On my birthday I made frosting for this out of chocolate pudding. I used to hate avocados, but I adore them now and people most likely won't believe you if you tell them they're in here.

Chocolate Pudding:
2 Avocados
1/4 cup cacao powder
1/2 cup agave syrup
1/4 cup water
1 tablespoon melted coconut butter(not essential, but it helps it to firm up when chilled)

Place all ingredients into a food processor except for coconut butter, blend until smooth. You'll probably need to scrape down the sides while blending, once smooth pour in coconut butter slowly with machine on. Blend until fully mixed. If you want to use it to frost the cake, place in fridge for about half an hour to chill.

Tuesday, February 8, 2011

Carrot Ginger Soup

It's the (Chinese) year of the rabbit, eat lots of carrots! I've been eating so many lately my hands have begun to turn orange, which is unfortunate. You can make this as spicy or as mild as you like, I'm obsessed with ginger so I like tons in mine, and so spicy that my nose runs after I'm done drinking it. This also makes awesome salad dressing, tossed with greens, sprouts, and asian inspired vegetables.

2 1/2 cups carrot juice
1/4 cup macadamia nuts
1/2 cup dried unsweetened coconut(you could use fresh, but I only had dried at the time)
small piece of ginger, minced
1/4 tsp. cayenne pepper(or to taste)

Put everything in a blender and blend until warm.

For the 'noodles' on here I sliced a daikon radish super thin on a mandoline, then sprinkled them with a bit of salt to tenderize them and let them sit for about 10 minutes. Sliced into thin strips then tossed them with dressing.

Blueberry Banana Sorbet

Bluberry Banana Sorbet

This is possibly the easiest thing you could ever make. And I may or may not have been eating this for dinner in lieu of a proper dinner. Oh well. You can play around with the ratios of this, more bananas makes for a softer, creamier ice cream, more fruit makes it a little grainier and harder to scoop. You could do just bananas if you wanted too, or add some cacao powder/vanilla/cinnamon. Chocolate sauce is good too (2 tablspoons agave syrup, 1 tablespoon melted coconut butter, and 1-2 tablespoons of cacao powder). Food Processors work better for this than blenders, but I've never tried so I can't say. If it's not broke don't fix it!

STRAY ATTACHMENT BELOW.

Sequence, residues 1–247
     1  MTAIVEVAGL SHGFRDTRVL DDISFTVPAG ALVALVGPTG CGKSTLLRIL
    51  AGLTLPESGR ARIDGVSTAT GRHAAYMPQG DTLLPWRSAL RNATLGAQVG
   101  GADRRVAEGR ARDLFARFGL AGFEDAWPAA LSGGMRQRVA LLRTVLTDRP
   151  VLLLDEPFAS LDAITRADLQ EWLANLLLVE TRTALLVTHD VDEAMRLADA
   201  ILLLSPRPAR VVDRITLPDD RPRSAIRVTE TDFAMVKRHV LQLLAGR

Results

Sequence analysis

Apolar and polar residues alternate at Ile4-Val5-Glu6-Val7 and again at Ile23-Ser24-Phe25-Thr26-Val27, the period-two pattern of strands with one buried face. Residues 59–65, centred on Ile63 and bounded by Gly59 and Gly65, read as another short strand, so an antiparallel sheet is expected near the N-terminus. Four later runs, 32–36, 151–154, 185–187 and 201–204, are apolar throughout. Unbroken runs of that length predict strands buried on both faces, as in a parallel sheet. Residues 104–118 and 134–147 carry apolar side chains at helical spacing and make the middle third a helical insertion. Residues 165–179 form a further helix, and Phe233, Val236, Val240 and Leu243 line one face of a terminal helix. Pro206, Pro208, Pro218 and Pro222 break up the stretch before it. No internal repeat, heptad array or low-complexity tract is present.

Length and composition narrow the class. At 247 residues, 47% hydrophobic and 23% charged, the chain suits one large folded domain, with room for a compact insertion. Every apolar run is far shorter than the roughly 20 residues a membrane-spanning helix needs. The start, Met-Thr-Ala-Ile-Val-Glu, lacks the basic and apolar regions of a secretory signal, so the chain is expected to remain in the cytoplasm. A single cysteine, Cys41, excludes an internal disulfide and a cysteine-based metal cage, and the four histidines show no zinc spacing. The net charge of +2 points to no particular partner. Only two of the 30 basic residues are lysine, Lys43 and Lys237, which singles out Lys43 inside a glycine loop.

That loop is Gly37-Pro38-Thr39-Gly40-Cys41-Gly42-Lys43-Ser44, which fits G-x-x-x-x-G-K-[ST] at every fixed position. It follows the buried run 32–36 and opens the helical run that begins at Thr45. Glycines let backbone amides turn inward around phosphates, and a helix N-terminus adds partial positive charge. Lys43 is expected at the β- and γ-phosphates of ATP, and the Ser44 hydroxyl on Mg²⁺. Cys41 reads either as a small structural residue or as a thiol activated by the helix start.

Take 2-3 bananas, chop them up and stick them in the freezer.
Take 1/2 frozen berries/other frozen fruit

Stick it all into a food processor until it's all light and fluffy and looks like ice cream. Eat it.

Summer Squash Pasta with Lemon Cream Sauce

This was something that came into existence because I had lots of odds and ends lying around in my fridge from making Asparagus Portobello Ravioli from Raw Food Real World. I like Summer Squash (which is basically yellow zucchini) because it looks more like pasta, but the flavor is pretty much the same as regular zucchini. For the noodles run 1-2 squash through a spiral slicer.

From Raw Food Real World by Matthew Kenney and Sarma Melngailis
For the Lemon Cream Sauce:
1 cup of cashews, soaked for at least 2 hours
1 cup water
3 tablespoons lemon juice
1 tablespoon lemon zest
1 tablespoon agave syrup
Place all ingredients in a blender and blend until smooth, or for a bit longer to warm it up.

For the Asparagus and Mushrooms:
Chop 1/2 lb of whatever type of mushrooms you like and 1 small bunch of asparagus into bite sized pieces, toss with 3 tablespoons of olive oil, 3 tablespoons of lemon juice and 1 tablespoon of thyme. Add sea salt and pepper to taste. Dehydrate at 115f for 2 hours(approx) or until they look sauteed.